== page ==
API changes in dbus-python 0.80


Simon McVittie




Collabora Ltd



Type changes

  • The Byte constructor accepts either single-byte strings, or integers in the range 0 to 255.

  • There is no Variant type any more. Instead, the variant_level attribute on D-Bus types gives the number of variant wrappers in which it is contained; this is to remove ambiguity. For instance, calling this method:

    @dbus.service.method('com.example', in_signature='v', out_signature='')
    def Print(self, variant):
        print repr(variant)

    yields the following results:

    # on the wire: Variant containing Int32
    Int32(0, variant_level=1)
    # on the wire: Variant containing Variant containing Int32
    Int32(0, variant_level=2)

    Once an object of a D-Bus type has been constructed, its variant_level cannot be altered.

  • The D-Bus integer types (dbus.Int32, etc.) are properly range-checked.

  • The Array constructor takes arguments (iterable[, signature]) rather than (iterable[, type][, signature]); ditto for Dict.

Calling conventions

  • In method parameters, method returns from proxy methods, etc., integers arrive as instances of dbus.Int32 etc., bytes arrive as Byte, and so on, rather than everything being converted to an appropriate built-in Python type. This means you can tell exactly what arguments went over the bus, and their types.

  • Proxy methods with multiple return values return a tuple rather than a list.

  • Calling a proxy method with reply ignored, or with async handlers, returns None


  • ConnectionError no longer exists (it was never raised)

  • dbus_bindings is now called _dbus_bindings, and is considerably different internally:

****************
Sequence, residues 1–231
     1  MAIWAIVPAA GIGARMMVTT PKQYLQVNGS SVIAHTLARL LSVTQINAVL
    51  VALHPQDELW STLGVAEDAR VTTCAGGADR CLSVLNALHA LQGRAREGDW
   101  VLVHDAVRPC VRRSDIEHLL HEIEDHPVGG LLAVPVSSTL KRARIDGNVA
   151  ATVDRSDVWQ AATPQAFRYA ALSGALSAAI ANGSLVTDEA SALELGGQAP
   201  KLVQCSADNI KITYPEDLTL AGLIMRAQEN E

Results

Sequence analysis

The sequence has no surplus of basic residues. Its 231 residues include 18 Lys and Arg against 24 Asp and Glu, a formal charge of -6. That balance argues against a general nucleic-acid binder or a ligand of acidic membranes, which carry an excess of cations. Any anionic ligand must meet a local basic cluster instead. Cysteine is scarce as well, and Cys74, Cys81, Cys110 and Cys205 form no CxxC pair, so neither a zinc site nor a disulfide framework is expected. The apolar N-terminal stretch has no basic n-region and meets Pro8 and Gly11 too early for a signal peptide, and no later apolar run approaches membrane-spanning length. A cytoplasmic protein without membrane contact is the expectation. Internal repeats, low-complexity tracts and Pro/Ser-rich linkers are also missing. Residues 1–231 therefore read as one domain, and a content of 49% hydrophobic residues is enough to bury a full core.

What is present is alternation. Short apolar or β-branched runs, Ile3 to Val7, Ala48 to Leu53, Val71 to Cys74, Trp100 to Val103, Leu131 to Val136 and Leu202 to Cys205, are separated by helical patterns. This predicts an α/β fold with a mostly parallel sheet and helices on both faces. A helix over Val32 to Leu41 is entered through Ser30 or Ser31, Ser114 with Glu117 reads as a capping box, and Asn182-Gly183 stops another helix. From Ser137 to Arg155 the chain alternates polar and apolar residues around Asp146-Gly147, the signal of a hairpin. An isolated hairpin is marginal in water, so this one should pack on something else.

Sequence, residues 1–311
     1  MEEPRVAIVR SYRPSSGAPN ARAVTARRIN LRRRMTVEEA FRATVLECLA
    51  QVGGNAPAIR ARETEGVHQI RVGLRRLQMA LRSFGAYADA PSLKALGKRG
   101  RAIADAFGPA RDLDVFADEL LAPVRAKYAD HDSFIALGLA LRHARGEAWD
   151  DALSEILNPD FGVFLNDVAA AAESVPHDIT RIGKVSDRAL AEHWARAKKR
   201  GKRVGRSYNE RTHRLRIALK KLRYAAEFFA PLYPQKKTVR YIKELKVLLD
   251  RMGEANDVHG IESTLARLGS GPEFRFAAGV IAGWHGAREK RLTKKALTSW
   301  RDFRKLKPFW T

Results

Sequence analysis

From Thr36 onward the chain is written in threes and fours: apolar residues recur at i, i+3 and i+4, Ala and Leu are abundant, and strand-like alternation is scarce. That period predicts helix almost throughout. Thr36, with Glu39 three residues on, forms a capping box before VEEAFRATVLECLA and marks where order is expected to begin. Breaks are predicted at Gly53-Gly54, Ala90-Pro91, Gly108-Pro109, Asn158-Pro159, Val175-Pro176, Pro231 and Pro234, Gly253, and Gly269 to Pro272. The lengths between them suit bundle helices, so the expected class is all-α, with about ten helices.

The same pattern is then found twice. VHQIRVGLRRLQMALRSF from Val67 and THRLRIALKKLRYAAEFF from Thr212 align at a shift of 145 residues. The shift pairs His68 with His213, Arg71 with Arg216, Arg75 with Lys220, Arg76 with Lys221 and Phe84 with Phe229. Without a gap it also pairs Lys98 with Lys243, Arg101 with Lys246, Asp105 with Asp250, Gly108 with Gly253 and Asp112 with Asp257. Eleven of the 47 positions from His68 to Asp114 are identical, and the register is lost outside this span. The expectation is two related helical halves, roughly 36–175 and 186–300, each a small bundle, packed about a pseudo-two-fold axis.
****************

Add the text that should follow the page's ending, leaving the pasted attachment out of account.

• connections are private at the libdbus level: shared connections are only shared among Python code

    • The MessageIter stuff is now done in C: there’s a much simpler Python API, Message.append(...) where positional arguments are the things to be appended, and the keyword argument signature controls how objects are interpreted

    • The signature-guessing algorithm used if there is no proper signature is exposed as a static method, Message.guess_signature(*args)

    • Bus is a subclass of Connection rather than being a wrapper object which has-a Connection

    • The timeouts in _send_with_reply and in _send_with_reply_and_block are in (possibly fractional) seconds, as is conventional in Python

    • The specialized Message subclasses have names ending with Message

  • There is a small amount of compatibility glue in a new dbus_bindings module (also dbus.dbus_bindings) which should enable most current code to work - this is deprecated, and will disappear in a future version of dbus-python

Main loops

Main loop handling is different - instead of the use_default_mainloop keyword argument to Bus and subclasses, there’s now mainloop which takes an instance of dbus.mainloop.NativeMainLoop.

Alternatively, you can set a default main loop by calling dbus.set_default_main_loop() and passing it a NativeMainLoop, or by passing set_as_default=True to the factory function from which you obtained the native main loop.

The plan is that in a future version of dbus-python there will be an abstract base class dbus.mainloop.MainLoop (or something); when it’s added, instances of its subclasses will be accepted wherever a NativeMainLoop instance is now. This will let you wrap main loops using a Python API. This will be used to implement SimpleMainLoop (a pure-Python main loop which can only do D-Bus) and a Twisted main-loop wrapper.

The only working mainloop implementation is (still) GLib; you can get a NativeMainLoop instance by:

from dbus.mainloop.glib import DBusGMainLoop
my_native_main_loop = DBusGMainLoop(set_as_default=True)

The above is how the highly magical dbus.glib module is now implemented. At some point dbus.glib will be deprecated, since it’s non-obvious, and pychecker will usually complain if you use it correctly!

At the moment the GLib main loop always uses the default main context; python-gobject will probably need to add some extra API before we can allow other main-contexts to be used.